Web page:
- OPEC+ has announced it will slash oil production quotas by 2MM bbl/d, effective November.
- This informally confirms that OPEC+ has very little remaining capacity to increase oil output, and we think production is likely on a declining trajectory.
- As OPEC+ supply continues to surprise to the downside and global oil demand edges higher, the oil market may be entering a new regime where $100+ oil is the new norm.
- We think oil prices should be elevated in the medium to long term.
- In this environment, oil & gas producers – which are already experiencing record free cashflow generation at $80 WTI – will benefit disproportionately.
OPEC+ Is Suffering a Production Shortfall
OPEC+ agreed to a 2MM bbl/d cut to its oil production quotas on 5 October 2022. The move came despite vocal opposition from the Biden administration (and the media). This informally confirms that OPEC+ has very little remaining capacity to increase oil output.
Lack of investment is a key driver of diminished OPEC+ spare capacity, which has translated to increasing production misses. Most recently in September 2022, OPEC+ missed its 42.2MM bb/d quota by 3.57MM bbl/d! Since the start of OPEC+’s post-COVID production increases in January 2021, OPEC+’s cumulative oil production shortfall versus quota has ballooned to over 800MM barrels:
OPEC+ Production May Have Peaked
There are several indications that these production misses will persist, and that OPEC+ production levels may have peaked. The most prominent is that investment in oil field development by nearly all OPEC+ member countries has remained low after the oil price crash – activity has not rebounded with higher oil prices. For instance, the active rig count in OPEC countries has been about flat for most of this year:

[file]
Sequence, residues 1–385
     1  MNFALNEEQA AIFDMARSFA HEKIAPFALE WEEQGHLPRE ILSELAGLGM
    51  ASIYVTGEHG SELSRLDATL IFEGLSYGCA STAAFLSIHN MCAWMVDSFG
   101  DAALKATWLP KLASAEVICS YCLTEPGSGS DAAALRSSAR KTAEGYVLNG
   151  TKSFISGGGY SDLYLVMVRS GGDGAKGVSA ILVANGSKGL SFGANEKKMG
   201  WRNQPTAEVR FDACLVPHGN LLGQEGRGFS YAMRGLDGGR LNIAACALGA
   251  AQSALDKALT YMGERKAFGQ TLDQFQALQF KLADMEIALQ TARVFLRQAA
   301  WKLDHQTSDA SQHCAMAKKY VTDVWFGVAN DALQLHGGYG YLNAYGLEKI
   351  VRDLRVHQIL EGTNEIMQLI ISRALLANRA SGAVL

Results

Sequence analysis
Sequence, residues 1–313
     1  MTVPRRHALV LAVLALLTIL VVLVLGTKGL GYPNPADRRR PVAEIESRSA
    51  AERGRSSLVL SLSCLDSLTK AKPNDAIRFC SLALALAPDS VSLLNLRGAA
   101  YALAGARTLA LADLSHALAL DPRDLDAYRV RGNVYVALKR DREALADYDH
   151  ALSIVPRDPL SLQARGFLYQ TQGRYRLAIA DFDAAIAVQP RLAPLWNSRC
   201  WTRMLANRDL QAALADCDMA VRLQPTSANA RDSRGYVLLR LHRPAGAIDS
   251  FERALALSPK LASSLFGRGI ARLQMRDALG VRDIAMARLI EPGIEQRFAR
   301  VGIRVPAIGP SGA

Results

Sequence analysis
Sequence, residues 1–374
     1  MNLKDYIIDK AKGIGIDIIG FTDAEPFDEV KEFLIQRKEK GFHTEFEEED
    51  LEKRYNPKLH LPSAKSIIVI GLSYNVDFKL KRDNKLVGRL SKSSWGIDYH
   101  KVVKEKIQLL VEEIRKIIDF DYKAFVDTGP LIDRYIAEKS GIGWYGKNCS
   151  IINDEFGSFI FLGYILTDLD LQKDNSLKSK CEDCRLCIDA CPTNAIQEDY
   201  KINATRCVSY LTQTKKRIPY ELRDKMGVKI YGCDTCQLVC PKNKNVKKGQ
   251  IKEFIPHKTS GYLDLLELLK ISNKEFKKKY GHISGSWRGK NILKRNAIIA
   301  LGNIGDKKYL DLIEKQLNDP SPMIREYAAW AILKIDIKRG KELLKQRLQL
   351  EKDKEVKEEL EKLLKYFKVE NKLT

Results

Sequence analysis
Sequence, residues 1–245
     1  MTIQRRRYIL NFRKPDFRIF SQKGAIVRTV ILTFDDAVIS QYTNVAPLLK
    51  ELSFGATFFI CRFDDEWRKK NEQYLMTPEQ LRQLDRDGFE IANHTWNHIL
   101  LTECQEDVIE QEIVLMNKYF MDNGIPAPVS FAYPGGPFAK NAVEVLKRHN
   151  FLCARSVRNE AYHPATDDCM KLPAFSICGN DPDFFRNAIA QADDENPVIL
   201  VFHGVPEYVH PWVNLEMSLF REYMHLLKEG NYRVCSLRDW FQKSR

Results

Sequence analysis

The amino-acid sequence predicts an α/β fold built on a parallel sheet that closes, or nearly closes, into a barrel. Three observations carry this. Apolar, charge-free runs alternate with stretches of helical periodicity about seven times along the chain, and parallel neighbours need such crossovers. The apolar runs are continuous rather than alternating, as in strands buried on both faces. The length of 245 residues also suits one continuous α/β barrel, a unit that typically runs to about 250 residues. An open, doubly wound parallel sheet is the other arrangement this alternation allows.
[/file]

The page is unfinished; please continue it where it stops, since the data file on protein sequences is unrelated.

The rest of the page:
Russia, OPEC+’s second-largest producer, is already showing signs of declining production. While Russia’s output had fallen off following its invasion of Ukraine and associated Western sanctions, production rebounded in the following months as replacement customers were found for their oil such as China and India.
Ironically, due to higher oil prices and smaller than anticipated declines in volumes, Russia’s oil profit reached $93B in the first 100 days of the conflict with Ukraine. Russia’s temporary production rebound appears to be reversing, with Russian crude oil exports declining steadily since May:
Despite declining productive capacity, OPEC+ has attempted to maintain its image as oil producer of last resort. In August, OPEC+ announced a token quota increase of 0.1MM bbl/d, despite continued global supply shortages and large quota misses by OPEC+ members, which suggested that OPEC+ was struggling to supply the market. Supportive of our view that OPEC+ could not meet any larger increase, the group announced it was slashing October production by 0.1MM bbl/d – swiftly rolling back the increase they approved only a month prior.